At issue is a revision to the 2000 Stanford Community Plan. Stanford wants to expand its academic space by 2,275 million sq. ft. and 2,600 more student beds by 2035. Palo Alto is saying the university first has to meet its new demands.
The city over the years has tried to control Stanford’s growth in many ways that, because it says the university infringes on this community –– and that its growth somehow needs to be tightly regulated. That attitude is shared in part by the county. Most of Stanford’s land is Santa Clara County land – the city oversees the Stanford Shopping Center and part of the medical center; the county the rest. Palo Alto gets significant sales tax revenues each year from the shopping center.
The university, on the other hand, feels that the city is always demanding something from it – too much, too many times.
I would describe what’s happening as the city trying to milk the $$ cow on “the farm,” and the city always need more milk.
This antagonism upsets me, to say the least. Town-gown relations can be troublesome at times, but Stanford University seems to have had more than its share. As full disclosure, I am not an alum of Stanford, but I did spend a year on campus with a journalism fellowship, and then a decade working for Stanford back in the 1980s.
The dialogue on this issue began at last week’s City Council study session with the county. Right now, they’re at the discussion level – but the demands have been raised and are in full play.
Here is a sampling of the items that Mayor Pat Burt and other council members have said they want:
• Any new growth (building, faculty, staff and students) will first require more housing development from Stanford.
• The university will be required to build that housing on its campus or on contiguous
Stanford-owned lands in Palo Alto. The city is concerned about Stanford buying land in this city or neighboring communities and then rent the housing only to Stanford affiliates.
• The city wants new construction to be on the campus. The lands in the foothills (where the Dish is and walking trails are) must remain open space, according to a previous county ruling.
• Palo Alto wants full disclosure of properties Sanford owns within the city, their status, and a calculation of tax revenues lost to the city because the university, by law, pays no property taxes.
• The city wants Stanford to make in-lieu payments taxes on properties that are, by law, tax-exempt.
• in October, Burt sent a letter to the county saying the city is concerned about the “prospect of Stanford-owned housing within the city being exempt from property taxes despite additional impacts of those residents on our public schools and services.” (The university is an educational non-profit and Stanford has a long-standing agreement to pay for its use of municipal services – fire, police, etc.)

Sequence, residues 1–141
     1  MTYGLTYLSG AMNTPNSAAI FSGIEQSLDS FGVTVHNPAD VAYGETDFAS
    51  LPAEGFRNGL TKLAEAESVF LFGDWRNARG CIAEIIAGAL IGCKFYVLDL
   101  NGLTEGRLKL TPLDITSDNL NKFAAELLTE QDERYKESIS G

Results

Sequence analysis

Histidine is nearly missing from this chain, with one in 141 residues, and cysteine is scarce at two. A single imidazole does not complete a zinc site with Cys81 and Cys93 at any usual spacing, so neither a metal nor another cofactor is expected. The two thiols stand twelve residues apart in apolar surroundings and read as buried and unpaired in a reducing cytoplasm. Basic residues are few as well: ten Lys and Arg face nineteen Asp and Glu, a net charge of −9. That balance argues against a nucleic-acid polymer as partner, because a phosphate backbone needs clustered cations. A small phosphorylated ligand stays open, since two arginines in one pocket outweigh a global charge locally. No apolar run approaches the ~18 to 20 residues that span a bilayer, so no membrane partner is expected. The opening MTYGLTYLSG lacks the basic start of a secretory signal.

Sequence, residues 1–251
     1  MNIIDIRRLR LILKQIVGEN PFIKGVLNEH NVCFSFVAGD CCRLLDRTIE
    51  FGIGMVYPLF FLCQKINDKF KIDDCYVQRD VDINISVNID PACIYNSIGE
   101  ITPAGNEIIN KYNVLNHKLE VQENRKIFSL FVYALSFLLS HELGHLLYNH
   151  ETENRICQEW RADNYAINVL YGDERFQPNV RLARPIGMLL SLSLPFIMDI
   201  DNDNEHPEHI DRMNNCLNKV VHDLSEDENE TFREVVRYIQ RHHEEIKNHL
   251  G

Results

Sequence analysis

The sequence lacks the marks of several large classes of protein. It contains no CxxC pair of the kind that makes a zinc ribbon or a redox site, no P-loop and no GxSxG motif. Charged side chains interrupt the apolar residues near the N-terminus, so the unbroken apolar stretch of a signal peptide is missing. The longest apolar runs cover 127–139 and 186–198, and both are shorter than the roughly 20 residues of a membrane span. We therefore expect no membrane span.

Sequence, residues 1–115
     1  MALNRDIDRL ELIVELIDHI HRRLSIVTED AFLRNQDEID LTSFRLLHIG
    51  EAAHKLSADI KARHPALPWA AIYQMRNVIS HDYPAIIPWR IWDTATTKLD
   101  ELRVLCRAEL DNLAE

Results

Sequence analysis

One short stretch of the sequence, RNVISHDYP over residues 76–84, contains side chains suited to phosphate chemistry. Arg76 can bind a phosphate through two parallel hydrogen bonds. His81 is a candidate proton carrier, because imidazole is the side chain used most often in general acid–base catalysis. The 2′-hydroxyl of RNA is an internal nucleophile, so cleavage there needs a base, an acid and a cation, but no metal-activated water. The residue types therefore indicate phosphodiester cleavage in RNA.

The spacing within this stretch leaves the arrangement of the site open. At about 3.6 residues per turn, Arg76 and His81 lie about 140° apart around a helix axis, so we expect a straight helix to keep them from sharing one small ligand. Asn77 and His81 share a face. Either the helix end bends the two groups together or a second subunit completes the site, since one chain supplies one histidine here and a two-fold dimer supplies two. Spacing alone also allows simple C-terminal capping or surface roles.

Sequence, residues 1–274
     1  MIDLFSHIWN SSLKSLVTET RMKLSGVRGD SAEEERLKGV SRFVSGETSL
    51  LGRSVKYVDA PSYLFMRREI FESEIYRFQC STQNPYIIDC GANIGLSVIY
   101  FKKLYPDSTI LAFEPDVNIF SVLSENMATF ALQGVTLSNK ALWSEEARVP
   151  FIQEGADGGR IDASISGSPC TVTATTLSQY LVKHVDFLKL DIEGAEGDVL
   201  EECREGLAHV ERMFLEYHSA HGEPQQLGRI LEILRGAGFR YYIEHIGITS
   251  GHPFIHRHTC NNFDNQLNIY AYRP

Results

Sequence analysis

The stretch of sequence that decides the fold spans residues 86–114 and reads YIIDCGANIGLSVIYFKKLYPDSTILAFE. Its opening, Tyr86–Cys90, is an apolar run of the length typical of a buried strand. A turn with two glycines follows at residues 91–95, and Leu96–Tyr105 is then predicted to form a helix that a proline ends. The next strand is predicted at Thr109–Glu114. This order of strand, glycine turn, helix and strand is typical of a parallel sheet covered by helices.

• Stanford is being asked to expand its Marguerite shuttle system into East Palo Alto to provide transportation for Stanford employees living there.
• Stanford is being asked to address the overflow of parking on its campus and ensure that there are no additional cars as a result of constructing more academic buildings are not allowed on campus, i.e., no new commutes as a result of expansion.
• The city wants a more permanent and active role in county-Stanford meetings on the university’s land use negotiations. It wants to sit at the table and vote -- a three-party decision -(Santa Clara County, Stanford and Palo Alto) on land use.
But wait, there’s more!
• Burt asked that Stanford consider a bike path along El Camino that would allow children of Stanford employees to bike to Fletcher Middle School and Gunn High School.
• Palo Alto and neighboring communities are asking Stanford to provide sufficient funds to compensate for the additional growth and use of city services.
• The city council is considering asking Stanford to contribute to the cost of building four grade separations at rail crossings so t trains and cars are on different levels – a multi-million costly project.
• Council member Tom DuBois said it’s important that Stanford not build housing just for its students but also for anyone to live in.
I think these proposals are overwhelming and that the city is using Stanford for its own financial purposes.
These expenditure requests all coming from a city with nearly a $1 Billion annual budget that just found another $40 million more to spend because its annual revenue is on the upswing.
The Stanford housing problem is significant – just 7 percent of university staff, faculty and students live on campus. That means thousands of others must live in surrounding communities. Stanford has recently built about 4,400 new dorms for students and 1,023 new faculty and staff housing the last decade.
Of course Stanford must provide more housing, and the city and county must work cooperatively together. Easier said than done, I agree, but latent angers somehow must be sublimated.
I care about Stanford. It provides exception education for undergraduates and graduates in a variety of fields. It houses a hospital and medical services that many of us use. It conducts significant research in a wide array of fields, including some of the very recent high-teach discoveries. It helped develop Silicon Valley. The institution is a benefit to our society – nationally and locally.
It's wonderful (and advantageous) to live near Stanford. I’ve gone to their football and basketball games, concerts, adult classes, strolled through its grounds, walked The Dish, etc. The university and its 8,000 acres are an amazing playground for all of us locally.. And its intellectual value is also immense, and should be recognized by Palo Alto.
Don’t milk it, please. It’s a treasure.